Alice M. Hutchins, 97, a former resident of Oak Park from 1954-2004, died on March 22, 2013, at the Courtyard at Seasons in Cincinnati, Ohio. She had been in declining health since December 2012. Born in Constantine, Mich., to Christian and Phoebe Miller, she most recently had resided in Cincinnati since 2012 and previously in Princeton, N.J., from 2004-2012. Her early years were spent in White Pigeon, Mich.
She was married to Samuel E. Hutchins, who preceded her in death in 2004. She met her husband at Temple Methodist Church in Chicago where they were married in 1947.
A 1940 graduate of St. Luke’s Hospital School of Nursing in Chicago, she worked for several years as head nurse on the psychiatric floor of Cook County Hospital in Chicago, spent a year in Washington state working for a Kaiser Permanente Hospital, and then returned to Chicago to work in the medical department of the Campbell Soup Company until 1953. In 1970, she returned to nursing as head nurse on a medical-surgical floor at Mary Thompson Hospital in Chicago until she retired in 1986 at the age of 71.
Mrs. Hutchins was a member of First United Methodist Church in Oak Park, a Cub Scout den mother for her sons, a Girl Scout leader for her daughters and a longtime member of the Lone Tree Area Adult Girl Scout Troop 007. She was active in the Whittier School PTA from 1958-1967.
Her talents included her incredibly creative craft work from sewing Halloween costumes from scratch (medal-worthy Little Miss Bo Peep and Little Red Riding Hood costumes) to ensuring winning Easter hats for the Easter Hat Parade in Miss Humble’s third- and fourth-grade classroom at Whittier School (think papier mache Easter rabbit atop close fitting cap and Easter bunny diorama worn on a 3 x 3-foot piece of plywood, affixed to the head).
One year at the Whittier School Pumpkin contest, she helped her children win with a pumpkin turned into Cinderella’s carriage, drawn by four white horses.
Growing up on a 160-acre farm in Michigan, she had a diverting childhood. She and her brothers and sisters had a pickle-growing business to earn spending money. They grew and harvested the pickles in their very own little pickle patch and then hauled them by wagon to the pickle factory in town to sell.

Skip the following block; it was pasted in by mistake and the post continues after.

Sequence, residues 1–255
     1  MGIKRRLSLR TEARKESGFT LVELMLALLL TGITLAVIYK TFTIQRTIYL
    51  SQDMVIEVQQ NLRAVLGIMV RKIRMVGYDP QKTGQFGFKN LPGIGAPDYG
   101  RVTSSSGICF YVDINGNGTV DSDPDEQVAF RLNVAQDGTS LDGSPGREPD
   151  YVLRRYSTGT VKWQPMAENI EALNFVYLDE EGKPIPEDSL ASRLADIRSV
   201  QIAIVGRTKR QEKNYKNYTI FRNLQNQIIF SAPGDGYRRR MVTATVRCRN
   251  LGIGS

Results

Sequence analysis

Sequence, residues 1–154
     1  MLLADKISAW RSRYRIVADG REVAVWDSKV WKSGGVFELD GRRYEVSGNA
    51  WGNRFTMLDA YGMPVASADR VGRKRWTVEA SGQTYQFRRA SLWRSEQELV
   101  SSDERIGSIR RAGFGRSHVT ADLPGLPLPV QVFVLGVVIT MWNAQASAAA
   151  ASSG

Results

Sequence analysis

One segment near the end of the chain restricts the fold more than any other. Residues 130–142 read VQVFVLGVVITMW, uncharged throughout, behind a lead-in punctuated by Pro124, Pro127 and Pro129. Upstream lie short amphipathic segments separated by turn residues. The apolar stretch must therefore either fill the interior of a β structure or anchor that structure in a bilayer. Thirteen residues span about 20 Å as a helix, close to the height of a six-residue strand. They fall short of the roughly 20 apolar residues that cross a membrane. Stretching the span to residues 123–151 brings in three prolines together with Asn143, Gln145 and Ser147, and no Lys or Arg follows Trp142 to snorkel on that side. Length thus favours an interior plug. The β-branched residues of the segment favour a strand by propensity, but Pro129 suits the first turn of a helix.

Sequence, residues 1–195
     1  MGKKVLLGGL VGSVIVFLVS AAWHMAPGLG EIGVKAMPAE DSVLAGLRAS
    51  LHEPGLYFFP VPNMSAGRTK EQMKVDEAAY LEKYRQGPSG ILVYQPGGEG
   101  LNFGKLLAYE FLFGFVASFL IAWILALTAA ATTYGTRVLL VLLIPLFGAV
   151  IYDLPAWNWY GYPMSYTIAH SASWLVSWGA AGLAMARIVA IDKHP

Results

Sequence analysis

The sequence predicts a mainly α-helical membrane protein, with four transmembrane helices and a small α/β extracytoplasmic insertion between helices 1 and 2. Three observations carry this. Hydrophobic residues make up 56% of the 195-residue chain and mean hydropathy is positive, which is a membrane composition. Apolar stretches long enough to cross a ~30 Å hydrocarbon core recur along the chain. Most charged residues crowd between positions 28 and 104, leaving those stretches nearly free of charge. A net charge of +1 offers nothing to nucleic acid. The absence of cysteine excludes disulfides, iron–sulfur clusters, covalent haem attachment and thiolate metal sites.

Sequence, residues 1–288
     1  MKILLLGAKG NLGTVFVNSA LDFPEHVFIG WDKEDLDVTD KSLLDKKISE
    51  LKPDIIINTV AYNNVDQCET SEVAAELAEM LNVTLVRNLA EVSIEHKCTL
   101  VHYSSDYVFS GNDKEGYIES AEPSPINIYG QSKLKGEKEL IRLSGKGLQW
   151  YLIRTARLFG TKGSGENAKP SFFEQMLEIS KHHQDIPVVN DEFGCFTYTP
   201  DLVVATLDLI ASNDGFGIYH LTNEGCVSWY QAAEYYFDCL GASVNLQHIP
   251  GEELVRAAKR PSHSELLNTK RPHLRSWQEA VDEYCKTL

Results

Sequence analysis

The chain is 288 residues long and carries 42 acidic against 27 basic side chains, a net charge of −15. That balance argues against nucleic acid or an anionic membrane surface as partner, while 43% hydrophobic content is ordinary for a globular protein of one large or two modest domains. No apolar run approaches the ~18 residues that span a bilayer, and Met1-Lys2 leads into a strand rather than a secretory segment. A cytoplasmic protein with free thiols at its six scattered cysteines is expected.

For one birthday as a young child, she was given eight fertile turkey eggs. She found a hen willing to sit on the eggs and waited for them to hatch, then delighted in watching as the baby turkeys grew and followed their “mother” all over the farm. Once the turkeys were a little older, imagine the mother hen’s consternation when the adolescent turkeys started roosting in a tree at night! Baby chickens are not supposed to do that.
As a young girl, she learned to sew all of her own clothes (crocheting Barbie doll clothes from scratch) and to bake fabulous pies and cakes. Her pie crust was second to none, and her apple, strawberry rhubarb and lemon meringue pies were to die for.
Living in Oak Park, Mrs. Hutchins never discarded her childhood lessons. Her children would watch as she made her own laundry soap with bacon drippings and lye.
An avid, even creative camper, as well, she delighted her children by making jello and leaving it outside during chilly nights in Grand Tetons National Park. The Hutchins camped all over the country with their children in tow, braving the black bears visiting their campsite in Yellowstone National Park, petting wild deer and listening to wolves howl in Algonquin Provincial Park in Quebec.
Alice Hutchins is survived by two daughters, Sandra (Oscar) Moreno and Barbara Addy; her son, Dr. Robert (Deborah) Hutchins; her grandchildren, Joshua Moreno, Stephen and Joanna Hutchins, and Drew and Ryan Addy; and several nieces and nephews. In addition to her husband, she was preceded in death by her son, Dr. Kendrick T. Hutchins (1986); her parents; and nine brothers and sisters.
The funeral service was held at Ferrand Funeral Home in White Pigeon, Mich., on March 27, followed by interment at White Pigeon Township Cemetery.